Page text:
This month, we chat with Donna Lynn Hilton from Goodspeed Musicals in Chester, CT about their upcoming premiere of the new musical Indian Joe.
Inspired by true events, this brand-new musical tells the unlikely story of a homeless Native American and a Texas beauty queen who never should have been friends. He’s looking for a fight. She’s looking for a cause. As they stumble toward friendship, both ultimately overcome fear and prejudice to discover that there’s more to family than what you see. From the streets of Waco, Texas to the streets of New York City, it’s a uniquely American story with a progressive Americana beat. You’ll never forget Indian Joe.
How did Indian Joe and Elizabeth A. Davis find their way to Goodspeed?
Elizabeth and Indian Joe were introduced to Goodspeed by Carolyn Rossi Copeland just as we were preparing to launch the inaugural Johnny Mercer Writers Colony. We had worked with Carolyn on the successful developmental production of Amazing Grace at our Norma Terris Theatre, so when she suggested that we might respond to Indian Joe, we bit. We invited Elizabeth to work on Indian Joe at the Mercer Colony in 2013.
What about the project convinced Goodspeed to commit to a developmental production?
I am drawn to uniquely American stories and to stories that expose the truth of human relationships. Indian Joe is both. It tells the beautiful story of Elizabeth’s relationship with Joe Gonzales, a man of Choctaw descent, who was homeless and living under a bridge in Waco, Texas when Elizabeth, then an idealistic college student, first met him. She set out to improve the lives of Joe and others in the homeless community in Waco. In working to do so, she learned unexpected lessons about friendship and family. Joe, who died in the fall of 2014, affected Elizabeth’s life in profound ways that she is driven to share. Elizabeth’s music is a killer mix of bluegrass, country, West Texas boot-stomping with a touch of industrial rock dropped in. I was also excited about the prospect of a project heavily weighted with female creative team members—writers, director and non-profit and commercial producers. It was hard to resist the whole package.
What has the development process been like for the show at Goodspeed up until this point?
Elizabeth has spent two residencies at Goodspeed supported by the devoted team of artists who are drawn to this project, including Jason Michael Webb and Luke Holloway, who have contributed to the score with arrangements and orchestrations, Chris Henry on book, Director Kim Weild, Music Director Matt Castle, Dramaturg Lee Trull and Carolyn. We’ve supported two table reads as well as a full reading with the cast of our production. The team spent a week at Rhinebeck this summer and emerged with the draft that we will take into rehearsal next week.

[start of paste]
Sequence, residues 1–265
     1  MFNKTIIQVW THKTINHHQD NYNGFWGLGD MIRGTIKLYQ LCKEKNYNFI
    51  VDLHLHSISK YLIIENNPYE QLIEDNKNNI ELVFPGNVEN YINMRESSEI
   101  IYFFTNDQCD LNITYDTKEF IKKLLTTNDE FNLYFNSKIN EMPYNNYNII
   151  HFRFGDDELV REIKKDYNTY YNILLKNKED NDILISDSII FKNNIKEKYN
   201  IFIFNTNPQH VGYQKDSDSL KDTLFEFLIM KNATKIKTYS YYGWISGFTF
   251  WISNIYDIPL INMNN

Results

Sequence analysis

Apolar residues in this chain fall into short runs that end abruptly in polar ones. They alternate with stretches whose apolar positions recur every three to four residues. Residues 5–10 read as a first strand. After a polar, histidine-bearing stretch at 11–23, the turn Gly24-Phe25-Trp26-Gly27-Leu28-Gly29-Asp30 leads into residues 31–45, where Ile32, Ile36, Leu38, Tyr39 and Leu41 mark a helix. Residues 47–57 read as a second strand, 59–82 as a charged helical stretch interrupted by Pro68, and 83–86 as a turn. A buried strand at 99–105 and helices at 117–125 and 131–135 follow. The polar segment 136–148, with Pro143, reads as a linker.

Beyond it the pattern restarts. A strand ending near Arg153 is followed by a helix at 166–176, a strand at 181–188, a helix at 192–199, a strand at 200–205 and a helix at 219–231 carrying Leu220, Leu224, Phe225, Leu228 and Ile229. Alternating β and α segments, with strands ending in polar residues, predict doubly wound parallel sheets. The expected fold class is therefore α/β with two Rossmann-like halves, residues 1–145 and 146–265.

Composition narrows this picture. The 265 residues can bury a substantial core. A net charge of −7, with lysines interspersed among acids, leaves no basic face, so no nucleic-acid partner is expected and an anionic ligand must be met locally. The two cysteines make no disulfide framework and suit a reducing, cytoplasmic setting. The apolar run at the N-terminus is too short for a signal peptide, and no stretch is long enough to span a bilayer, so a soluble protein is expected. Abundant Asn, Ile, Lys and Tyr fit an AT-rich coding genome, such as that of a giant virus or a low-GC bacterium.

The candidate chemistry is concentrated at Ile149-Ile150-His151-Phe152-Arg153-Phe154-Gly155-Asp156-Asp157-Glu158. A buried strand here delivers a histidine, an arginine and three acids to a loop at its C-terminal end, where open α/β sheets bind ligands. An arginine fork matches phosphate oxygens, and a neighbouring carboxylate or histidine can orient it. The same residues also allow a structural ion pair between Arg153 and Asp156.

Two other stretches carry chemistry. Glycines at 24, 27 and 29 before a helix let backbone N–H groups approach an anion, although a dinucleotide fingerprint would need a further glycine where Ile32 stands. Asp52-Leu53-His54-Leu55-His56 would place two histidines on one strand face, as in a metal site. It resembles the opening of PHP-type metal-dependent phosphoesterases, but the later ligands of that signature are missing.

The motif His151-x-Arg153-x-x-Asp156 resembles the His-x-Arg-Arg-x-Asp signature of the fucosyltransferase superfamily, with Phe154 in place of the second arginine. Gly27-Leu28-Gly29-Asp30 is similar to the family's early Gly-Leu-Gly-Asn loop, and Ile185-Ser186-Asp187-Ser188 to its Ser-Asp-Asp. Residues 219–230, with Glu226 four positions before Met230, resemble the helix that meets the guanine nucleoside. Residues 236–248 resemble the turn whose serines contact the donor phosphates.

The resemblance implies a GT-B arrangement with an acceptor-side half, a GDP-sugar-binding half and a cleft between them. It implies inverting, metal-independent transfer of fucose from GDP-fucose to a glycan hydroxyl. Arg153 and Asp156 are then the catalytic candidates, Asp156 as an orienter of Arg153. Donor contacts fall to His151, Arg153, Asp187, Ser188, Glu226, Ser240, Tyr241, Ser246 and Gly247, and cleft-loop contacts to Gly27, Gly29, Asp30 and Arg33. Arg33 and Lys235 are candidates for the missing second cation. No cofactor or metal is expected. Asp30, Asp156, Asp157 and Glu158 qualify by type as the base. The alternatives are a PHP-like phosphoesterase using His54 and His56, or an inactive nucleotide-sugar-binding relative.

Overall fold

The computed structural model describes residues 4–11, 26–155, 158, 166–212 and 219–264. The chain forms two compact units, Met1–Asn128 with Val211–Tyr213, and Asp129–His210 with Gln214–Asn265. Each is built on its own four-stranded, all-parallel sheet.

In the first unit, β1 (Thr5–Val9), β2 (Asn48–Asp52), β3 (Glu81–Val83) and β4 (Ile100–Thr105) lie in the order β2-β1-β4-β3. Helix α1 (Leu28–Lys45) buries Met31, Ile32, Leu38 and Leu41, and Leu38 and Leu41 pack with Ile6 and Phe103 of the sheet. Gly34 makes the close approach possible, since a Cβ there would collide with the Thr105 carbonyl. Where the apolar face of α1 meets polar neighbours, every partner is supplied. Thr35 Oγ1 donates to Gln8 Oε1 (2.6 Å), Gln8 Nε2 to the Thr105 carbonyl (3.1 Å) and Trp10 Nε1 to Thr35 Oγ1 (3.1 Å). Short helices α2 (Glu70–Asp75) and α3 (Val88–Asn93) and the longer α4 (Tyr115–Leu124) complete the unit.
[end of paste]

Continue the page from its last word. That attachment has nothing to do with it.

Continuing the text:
How has the show grown and changed over the past year of development?
Can I get away with just saying ‘tremendously’? Truthfully, this has been as challenging and beautiful a journey as I’ve taken with a new work (and I’ve been blessed to have taken a lot of beautiful journeys in my work with new musicals). It is very important to Elizabeth and to those of us working with her to tell Joe’s story faithfully and to use this opportunity to positively impact the lives of others who face similar challenges – yet we are creating a piece of theatre. As a result, choices that are always difficult feel even more so. We are having a lot of challenging conversations around the intersection of truth and great storytelling.
What about the show makes it a good fit for Goodspeed’s mission and audience?
A commitment to developing new musicals and emerging writers has been central to our mission for most of our 52-year history. Elizabeth is known as a Tony-nominated actress, but most probably don’t know that she’s a great songwriter as well. As for our audiences, they’ve shown us over and over again that they value truth in storytelling, even when that truth might be difficult to face. Like NAMT Member audiences everywhere, they love a great score. Indian Joe is rich in both.
Why should people come check out the show this fall?
We guarantee they will be moved, they will laugh and they will leave with the soles of their feet sore from stomping to the music. But seriously, we invite our NAMT colleagues to the Norma Terris this fall to experience a unique and moving piece of theatre that will leave them with hearts full. That’s an experience that always helps me face the next creative challenge ahead.
Visit Goodspeed Musicals’ website for more information about their upcoming production of Indian Joe.